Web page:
Prosecutors played recorded phone conversations Friday that they contend show Pamela Phillips, above, discussing payment for her ex-husband’s bombing death.

A.E. Araiza / Arizona Daily Star

Prosecutors with the Pima County Attorney’s Office on Friday rested their case against Pamela Phillips in connection with the car-bomb killing of her ex husband.

In testimony on Thursday and Friday, the original homicide detective with the Pima County Sheriff’s Department detailed how the case developed early on in 1996 when a pipe bomb exploded in Gary Triano’s  car in the parking lot of The Westin La Paloma Resort and Spa. As the investigation evolved, Phillips eventually was named as a suspect.

Phillips is accused of first-degree murder and conspiracy to commit first-degree murder. Prosecutors have been building a case to implicate Phillips in a scheme to pay a man named Ronald Young $400,000 to kill Triano following the couple’s contentious divorce. They argue Phillips wanted to cash in a $2 million life insurance policy.

Young was convicted of first-degree murder and conspiracy in 2010 in connection with Triano’s death.

Former sheriff’s detective Keith St. John, now the lead investigator with the Pima County Attorney’s Office, said Phillips didn’t become a main suspect until years after the killing when Young was arrested in 2005 in Florida on unrelated Colorado fraud charges.

Among the items found with Young was a cache of recordings of telephone conversations he had with Phillips in which the two discuss in cryptic language a schedule of payments she was to make to him.

In one recorded conversation prosecutors played during St. John’s testimony Young alludes to a service he provided Phillips that helped her acquire a large sum of money.

“You asked me for some help, some help so you could get rich,” Young said.

Phillips seemed to act evasive toward Young in the recordings, putting off conversations to later dates and blaming a hectic schedule that prevented her from speaking with him. Young recorded the calls between the two, who had known one another in Aspen, Colo., where Phillips moved after the divorce.

In other conversations, Young pressed Phillips for payments on the principal amount and interest owed on the debt they discussed. He also counseled Phillips on ways to hide their arrangement by not leaving any documents detailing payments she made to him.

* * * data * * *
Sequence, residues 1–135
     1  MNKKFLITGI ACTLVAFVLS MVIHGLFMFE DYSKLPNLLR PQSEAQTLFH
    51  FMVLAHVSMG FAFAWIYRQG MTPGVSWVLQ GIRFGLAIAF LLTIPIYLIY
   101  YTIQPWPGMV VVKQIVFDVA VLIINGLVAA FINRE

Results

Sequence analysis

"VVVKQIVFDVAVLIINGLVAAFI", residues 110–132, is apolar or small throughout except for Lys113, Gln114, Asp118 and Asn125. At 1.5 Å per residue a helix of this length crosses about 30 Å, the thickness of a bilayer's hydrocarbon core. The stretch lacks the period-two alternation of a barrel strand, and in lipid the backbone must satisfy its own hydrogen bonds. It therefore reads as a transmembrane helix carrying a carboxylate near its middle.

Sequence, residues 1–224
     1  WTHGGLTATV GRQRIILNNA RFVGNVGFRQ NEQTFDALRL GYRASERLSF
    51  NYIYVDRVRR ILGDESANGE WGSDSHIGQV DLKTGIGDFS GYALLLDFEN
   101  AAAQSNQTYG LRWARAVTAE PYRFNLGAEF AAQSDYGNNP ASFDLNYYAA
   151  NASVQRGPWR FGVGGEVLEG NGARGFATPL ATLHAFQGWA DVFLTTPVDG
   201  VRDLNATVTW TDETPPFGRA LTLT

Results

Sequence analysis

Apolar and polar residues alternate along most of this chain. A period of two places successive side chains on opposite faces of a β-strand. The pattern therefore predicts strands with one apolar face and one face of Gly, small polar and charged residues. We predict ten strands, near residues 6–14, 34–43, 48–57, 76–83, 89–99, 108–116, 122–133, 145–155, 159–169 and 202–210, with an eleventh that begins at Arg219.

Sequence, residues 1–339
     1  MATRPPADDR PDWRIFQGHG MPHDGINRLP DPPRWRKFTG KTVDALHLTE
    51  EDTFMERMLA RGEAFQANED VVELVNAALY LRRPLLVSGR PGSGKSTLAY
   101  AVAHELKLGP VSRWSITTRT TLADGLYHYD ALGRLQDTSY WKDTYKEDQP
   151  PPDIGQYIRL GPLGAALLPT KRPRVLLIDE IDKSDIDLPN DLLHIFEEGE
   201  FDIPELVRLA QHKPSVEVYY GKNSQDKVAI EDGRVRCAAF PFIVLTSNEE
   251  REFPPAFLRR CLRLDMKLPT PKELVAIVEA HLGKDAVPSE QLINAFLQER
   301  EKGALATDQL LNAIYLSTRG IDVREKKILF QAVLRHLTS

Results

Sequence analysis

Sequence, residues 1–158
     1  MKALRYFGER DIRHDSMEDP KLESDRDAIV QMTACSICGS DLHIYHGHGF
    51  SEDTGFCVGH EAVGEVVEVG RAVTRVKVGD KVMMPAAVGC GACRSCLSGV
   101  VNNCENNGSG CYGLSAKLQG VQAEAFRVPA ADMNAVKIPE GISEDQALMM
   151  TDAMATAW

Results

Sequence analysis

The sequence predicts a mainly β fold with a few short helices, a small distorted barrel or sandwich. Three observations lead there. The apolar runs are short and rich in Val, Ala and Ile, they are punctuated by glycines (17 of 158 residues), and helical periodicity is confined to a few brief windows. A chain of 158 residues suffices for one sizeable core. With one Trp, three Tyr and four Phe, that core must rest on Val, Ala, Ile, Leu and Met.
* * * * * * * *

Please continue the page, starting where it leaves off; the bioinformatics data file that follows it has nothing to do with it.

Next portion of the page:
The discussion grew heated when Young said he had become suspicious of Phillips and concerned she thought he was blackmailing her.

“Can you just leave me alone?” Phillips said to Young at one point in the recording.

In a later call, Young revealed, at least from the prosecution’s view, the pair’s culpability in the 1996 killing.

“You’re going to be very serious when you sit in a women’s prison for murder,” Young said, repeating the statement before abruptly hanging up the phone.

The defense fought to have the recordings excluded, arguing police had re-recorded the conversations from original formats to discs and enhanced the volume levels.

“We don’t think that they are authentic in that they are not complete conversations,” defense attorney Paul Eckerstrom said.

Eckerstrom argued to Pima County Superior Court Judge Richard Fields that without the complete recordings the defense would be at an unfair disadvantage.

Deputy Pima County Attorney Nicol Green said the recordings were edited only to remove superfluous content such as Young fumbling with the phone numbers and prepaid phone card codes, which took up nearly 20 minutes of one recording.

“Everything Mr. Eckerstrom complained about has nothing to do with content,” Green said. She said the defense team’s arguments against the tapes were a matter of the weight of the content and not the admissibility of the evidence.

The defense also argued that any references to payments Phillips made to Young were the result of a prior business relationship the two had and not payoff for killing Triano.

They have argued that Phillips and Young spoke in coded language and devised surreptitious ways to transfer money because Young was wanted on fraud charges and needed to evade detection.

The defense will have its opportunity to make its case in the coming weeks as Phillips’ attorneys plan to question nearly 100 witnesses.

The trial continues Tuesday and likely could run well into April.

Contact reporter Patrick McNamara at 573-4241 or On Twitter @pm929.